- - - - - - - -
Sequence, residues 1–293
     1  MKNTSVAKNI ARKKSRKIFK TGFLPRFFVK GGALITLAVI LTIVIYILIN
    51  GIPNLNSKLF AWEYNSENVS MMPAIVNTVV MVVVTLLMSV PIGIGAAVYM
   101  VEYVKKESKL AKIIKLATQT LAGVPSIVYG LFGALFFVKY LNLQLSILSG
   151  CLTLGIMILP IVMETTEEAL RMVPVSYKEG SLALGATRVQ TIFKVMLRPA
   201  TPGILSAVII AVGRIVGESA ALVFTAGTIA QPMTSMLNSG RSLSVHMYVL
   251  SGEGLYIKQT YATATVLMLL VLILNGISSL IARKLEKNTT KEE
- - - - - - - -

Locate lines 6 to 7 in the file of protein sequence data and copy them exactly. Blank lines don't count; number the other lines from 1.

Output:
   201  TPGILSAVII AVGRIVGESA ALVFTAGTIA QPMTSMLNSG RSLSVHMYVL
   251  SGEGLYIKQT YATATVLMLL VLILNGISSL IARKLEKNTT KEE